The Odyssey
Base Camp
Trek Connect
Time Machine
Multimedia and Special Guests

Monica Dispatch
More Making a Difference Articles

I'm M.A.D. about the Acropolis

Click image for larger view
I'm M.A.D.

about the Acropolis
Wanted! The return, in good condition, of the Parthenon Marbles! The Parthenon is one of the most-recognized buildings in the whole world. It's facade was used in the logo design for UNESCO, which marks official World Heritage Sites around the world. Millions of people know what it is, even if they've never seen it or visited the Acropolis, in Athens, Greece, where the majority of the building is situated. The Parthenon stunningly displays the beauty and glory of Classical Greece. As the largest Doric-style temple in the whole country, it is also the only one built entirely out of Pentelic marble, a fine white marble from Attica. More than two thousand years ago, the Parthenon came into being. Created by the sculptor, Pheidias, with the help of architects Iktinos and Kallikrates, they commenced construction in 447 BC and completed it in 438 BC. However, in 1801, Lord Elgin, a British ambassador to Constantinople (modern-day Istanbul) decided to expand his collection of ancient Classical artifacts by taking sculptures from the Parthenon. Using his contacts and standing with the Turks, he secured a permit and set out, with teams of workmen, to strip the Parthenon of its beautiful designs.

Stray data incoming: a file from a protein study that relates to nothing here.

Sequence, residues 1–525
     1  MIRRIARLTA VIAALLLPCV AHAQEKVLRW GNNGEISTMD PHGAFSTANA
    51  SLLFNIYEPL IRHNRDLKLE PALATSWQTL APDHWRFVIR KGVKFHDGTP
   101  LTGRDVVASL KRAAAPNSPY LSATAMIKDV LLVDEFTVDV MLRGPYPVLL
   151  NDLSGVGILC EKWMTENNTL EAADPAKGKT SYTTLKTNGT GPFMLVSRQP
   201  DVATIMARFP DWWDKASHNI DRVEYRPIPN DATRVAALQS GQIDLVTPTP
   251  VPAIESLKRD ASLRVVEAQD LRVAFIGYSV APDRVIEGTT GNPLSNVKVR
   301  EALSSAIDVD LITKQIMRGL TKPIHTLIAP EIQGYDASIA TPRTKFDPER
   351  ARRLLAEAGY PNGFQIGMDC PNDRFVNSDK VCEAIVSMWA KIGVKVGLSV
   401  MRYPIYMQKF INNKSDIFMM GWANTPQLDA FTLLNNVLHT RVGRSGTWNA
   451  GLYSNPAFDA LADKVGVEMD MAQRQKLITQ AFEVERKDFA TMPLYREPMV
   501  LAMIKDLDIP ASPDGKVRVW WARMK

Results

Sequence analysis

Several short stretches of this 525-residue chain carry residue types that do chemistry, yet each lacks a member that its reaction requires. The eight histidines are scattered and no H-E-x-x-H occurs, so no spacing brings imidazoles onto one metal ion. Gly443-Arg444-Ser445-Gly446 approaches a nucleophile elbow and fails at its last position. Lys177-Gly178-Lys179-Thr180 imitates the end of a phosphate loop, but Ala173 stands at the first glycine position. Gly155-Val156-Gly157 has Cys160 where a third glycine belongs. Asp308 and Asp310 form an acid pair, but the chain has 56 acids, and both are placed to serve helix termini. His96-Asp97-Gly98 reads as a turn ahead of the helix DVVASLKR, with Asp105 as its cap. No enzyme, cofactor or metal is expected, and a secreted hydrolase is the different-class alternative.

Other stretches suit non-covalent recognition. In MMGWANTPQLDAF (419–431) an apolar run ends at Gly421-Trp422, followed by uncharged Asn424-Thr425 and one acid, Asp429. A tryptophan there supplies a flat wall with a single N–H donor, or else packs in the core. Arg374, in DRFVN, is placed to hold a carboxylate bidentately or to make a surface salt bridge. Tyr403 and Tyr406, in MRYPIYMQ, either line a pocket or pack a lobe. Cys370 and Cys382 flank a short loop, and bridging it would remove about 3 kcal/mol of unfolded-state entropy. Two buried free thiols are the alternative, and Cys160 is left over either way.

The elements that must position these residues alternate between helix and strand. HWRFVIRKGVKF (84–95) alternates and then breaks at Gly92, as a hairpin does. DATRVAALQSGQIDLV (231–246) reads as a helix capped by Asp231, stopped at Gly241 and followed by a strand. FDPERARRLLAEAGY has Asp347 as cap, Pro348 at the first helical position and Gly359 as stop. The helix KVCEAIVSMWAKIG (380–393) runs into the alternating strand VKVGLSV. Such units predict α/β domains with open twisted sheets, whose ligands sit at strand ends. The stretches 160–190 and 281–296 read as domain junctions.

So, what does it look like? The temple has 17 columns on each side, and eight columns on either end. Each column is curved to counter optical illusions. There was a frieze all the way around the Parthenon, with 92 metopes (sculptured sections) and 44 statues depicting mythological deities, battles, and typical scenes of Greek life. The ceiling was painted blue, with stars. Small-scale models of the facade currently exist in the Acropolis Museum, based on descriptions of writers who traveled there before 1801.


frieze - any decorative band on an outside wall
deities - deus a god; akin to divine or divinity
Pentelic - Pertaining to Mount Pentelicus, near Athens, famous for its fine white marble quarries; obtained from Mount Pentelicus; as, the Pentelic marble of which the Parthenon is built.


Lord Elgin and his workmen took approximately 75 meters worth of the 159.5m long frieze back to Britain. At the time, the British Parliament accused Elgin of being an illegal antiquities dealer, but couldn't find adequate proof. Therefore, they purchased the so-called Elgin Marbles and presented them to the British Museum, in London, where they remain to this day. ***Where do these marbles belong?*** In London? In museums around the world? In Athens, their original home?
Click image
for larger view

of its marble